One major use case I can see for iTunes U is simply having the parents subscribe to the courses their children are involved in. They’ll see all the goings-on in the course; they’ll be push-notified of any additional information and they’ll have a pocketable list of all their child’s assignments. Schools pay very good money for systems like this and iTunes U provides it for free.
Syncing and Deployment Implications
iTunes U syncs through iCloud. Subscribe to a course on your iPhone, it’s subscribed on your iPad. Annotate a book on your iPad, the notes appear in iTunes U on your phone. There are a couple of deployment considerations arising from this.
Primarily, this is another nail in the coffin of the “shared Apple ID” deployment model that we’ve been using up until now. If you have multiple pupils and devices all using the same Apple ID, you’re going to get sync issues all over the place. Pupils’ notes will intermingle, their read/unread statuses will get mixed up. It will be a hot mess.
This is one of many reasons why we’re moving to individual Apple IDs next year. I’ll write more on that in due course.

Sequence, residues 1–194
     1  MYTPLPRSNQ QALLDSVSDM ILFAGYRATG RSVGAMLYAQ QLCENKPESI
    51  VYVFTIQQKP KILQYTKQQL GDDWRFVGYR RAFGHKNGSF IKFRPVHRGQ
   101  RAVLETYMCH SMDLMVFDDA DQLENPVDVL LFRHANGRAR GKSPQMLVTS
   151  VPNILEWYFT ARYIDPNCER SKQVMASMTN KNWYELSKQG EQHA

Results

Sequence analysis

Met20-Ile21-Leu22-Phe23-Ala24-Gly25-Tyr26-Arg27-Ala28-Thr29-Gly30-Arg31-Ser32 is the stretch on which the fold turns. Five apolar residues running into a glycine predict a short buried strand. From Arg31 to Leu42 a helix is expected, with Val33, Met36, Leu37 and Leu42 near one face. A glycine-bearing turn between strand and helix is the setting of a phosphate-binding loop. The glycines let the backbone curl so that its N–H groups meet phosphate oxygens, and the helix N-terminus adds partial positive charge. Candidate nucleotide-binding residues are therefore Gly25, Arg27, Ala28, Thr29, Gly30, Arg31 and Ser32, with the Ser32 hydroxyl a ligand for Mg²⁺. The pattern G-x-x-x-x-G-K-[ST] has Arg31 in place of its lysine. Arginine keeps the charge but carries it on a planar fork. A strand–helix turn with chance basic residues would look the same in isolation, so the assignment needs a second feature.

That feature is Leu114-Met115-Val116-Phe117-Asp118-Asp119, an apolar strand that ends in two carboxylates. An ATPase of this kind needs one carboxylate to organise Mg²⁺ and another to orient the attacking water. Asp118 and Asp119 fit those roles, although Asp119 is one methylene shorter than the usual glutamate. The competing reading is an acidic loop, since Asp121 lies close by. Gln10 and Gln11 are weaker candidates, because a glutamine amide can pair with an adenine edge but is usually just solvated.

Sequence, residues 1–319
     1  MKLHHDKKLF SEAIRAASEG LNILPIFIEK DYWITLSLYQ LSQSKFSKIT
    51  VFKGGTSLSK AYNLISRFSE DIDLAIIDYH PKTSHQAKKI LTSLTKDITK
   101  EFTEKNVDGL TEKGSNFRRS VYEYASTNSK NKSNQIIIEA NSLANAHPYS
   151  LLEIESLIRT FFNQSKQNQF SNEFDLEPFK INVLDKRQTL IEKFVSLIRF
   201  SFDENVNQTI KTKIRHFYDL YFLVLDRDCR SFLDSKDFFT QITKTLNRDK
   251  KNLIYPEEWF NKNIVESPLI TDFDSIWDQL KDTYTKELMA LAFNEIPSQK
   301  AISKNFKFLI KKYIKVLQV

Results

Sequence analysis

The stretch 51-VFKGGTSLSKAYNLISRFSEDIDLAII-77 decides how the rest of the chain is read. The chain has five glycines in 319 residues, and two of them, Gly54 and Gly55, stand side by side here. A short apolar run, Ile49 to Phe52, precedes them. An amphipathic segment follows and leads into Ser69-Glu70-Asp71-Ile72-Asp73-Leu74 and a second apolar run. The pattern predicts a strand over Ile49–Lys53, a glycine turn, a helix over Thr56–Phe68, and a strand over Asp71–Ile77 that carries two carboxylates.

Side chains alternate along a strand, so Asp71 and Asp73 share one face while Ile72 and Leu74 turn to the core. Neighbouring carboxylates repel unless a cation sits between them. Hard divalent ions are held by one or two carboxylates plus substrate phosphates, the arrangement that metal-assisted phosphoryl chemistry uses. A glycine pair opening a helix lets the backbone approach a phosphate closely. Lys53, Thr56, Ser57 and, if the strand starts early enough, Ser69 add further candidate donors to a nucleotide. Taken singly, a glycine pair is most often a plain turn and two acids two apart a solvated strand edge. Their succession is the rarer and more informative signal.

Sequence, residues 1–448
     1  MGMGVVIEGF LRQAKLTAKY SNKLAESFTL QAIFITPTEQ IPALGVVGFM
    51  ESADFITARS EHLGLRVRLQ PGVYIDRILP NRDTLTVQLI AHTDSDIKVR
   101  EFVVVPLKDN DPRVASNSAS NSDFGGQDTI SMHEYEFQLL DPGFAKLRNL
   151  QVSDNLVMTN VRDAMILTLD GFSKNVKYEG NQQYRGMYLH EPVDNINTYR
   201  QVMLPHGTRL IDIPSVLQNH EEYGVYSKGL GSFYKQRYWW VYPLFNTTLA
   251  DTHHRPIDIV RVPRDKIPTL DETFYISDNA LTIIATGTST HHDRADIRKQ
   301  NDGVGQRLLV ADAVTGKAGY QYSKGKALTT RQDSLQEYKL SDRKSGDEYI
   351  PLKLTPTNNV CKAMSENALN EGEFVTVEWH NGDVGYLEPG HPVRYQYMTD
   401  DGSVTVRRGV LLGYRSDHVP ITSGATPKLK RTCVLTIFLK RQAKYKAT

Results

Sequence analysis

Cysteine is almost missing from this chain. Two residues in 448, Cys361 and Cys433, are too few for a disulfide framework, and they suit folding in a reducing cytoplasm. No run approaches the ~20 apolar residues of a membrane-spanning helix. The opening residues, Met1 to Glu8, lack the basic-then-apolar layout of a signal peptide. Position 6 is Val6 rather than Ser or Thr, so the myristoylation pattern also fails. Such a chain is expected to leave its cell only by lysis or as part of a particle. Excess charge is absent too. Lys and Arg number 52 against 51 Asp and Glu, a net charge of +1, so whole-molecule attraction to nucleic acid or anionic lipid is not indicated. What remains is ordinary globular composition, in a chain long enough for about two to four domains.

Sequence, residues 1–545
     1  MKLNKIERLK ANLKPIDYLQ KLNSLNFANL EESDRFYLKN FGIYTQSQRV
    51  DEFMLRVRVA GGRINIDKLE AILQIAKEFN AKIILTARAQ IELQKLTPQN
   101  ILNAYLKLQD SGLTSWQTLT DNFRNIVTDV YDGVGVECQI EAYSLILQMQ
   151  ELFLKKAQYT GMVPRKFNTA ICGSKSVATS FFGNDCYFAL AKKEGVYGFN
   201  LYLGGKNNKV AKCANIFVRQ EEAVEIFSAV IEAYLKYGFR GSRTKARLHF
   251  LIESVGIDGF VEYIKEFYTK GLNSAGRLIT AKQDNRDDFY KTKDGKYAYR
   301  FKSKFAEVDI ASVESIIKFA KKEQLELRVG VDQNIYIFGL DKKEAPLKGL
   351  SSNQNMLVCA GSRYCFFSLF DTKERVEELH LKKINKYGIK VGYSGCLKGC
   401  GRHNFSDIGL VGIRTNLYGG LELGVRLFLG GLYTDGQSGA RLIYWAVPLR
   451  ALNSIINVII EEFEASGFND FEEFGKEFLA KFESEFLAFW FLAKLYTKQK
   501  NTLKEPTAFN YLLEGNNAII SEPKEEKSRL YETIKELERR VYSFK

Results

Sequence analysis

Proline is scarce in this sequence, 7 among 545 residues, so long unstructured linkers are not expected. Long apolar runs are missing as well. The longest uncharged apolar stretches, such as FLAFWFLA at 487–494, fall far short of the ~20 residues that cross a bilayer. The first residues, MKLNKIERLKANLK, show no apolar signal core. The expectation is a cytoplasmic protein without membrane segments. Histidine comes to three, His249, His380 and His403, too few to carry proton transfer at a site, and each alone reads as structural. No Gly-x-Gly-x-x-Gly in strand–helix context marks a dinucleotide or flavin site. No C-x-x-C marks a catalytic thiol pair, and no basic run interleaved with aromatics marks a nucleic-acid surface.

Beyond that, though, there are no other major infrastructure or deployment issues around adopting iTunes U. You administer the course through a website and access it through iTunes U on iOS.
Subscribing, Security and Privacy
How does a pupil subscribe to a course? For self-paced courses, they navigate to the school’s iTunes U page and click the Subscribe button. For in-session courses that won’t be listed on iTunes, the course administrator can copy a URL from the course management portal and share that with students.
Opening the URL on an iOS device will launch iTunes U and prompt the user to subscribe to the course. There is no other authentication. It’s important to realise that what you’re creating on iTunes U is not a “private course”. It’s an “unlisted course”. It doesn’t appear in iTunes search but, if someone acquires the URL, they will be able to subscribe to the course.
Nowhere in iTunes U does there exist a “list of subscribers” to a course. This means that the teacher must treat the contents of the iTunes U course as if it were being posted on the public internet. After all, it is being posted on the public internet - it’s just that unlisted iTunes U courses are part of the deep web, not the surface web.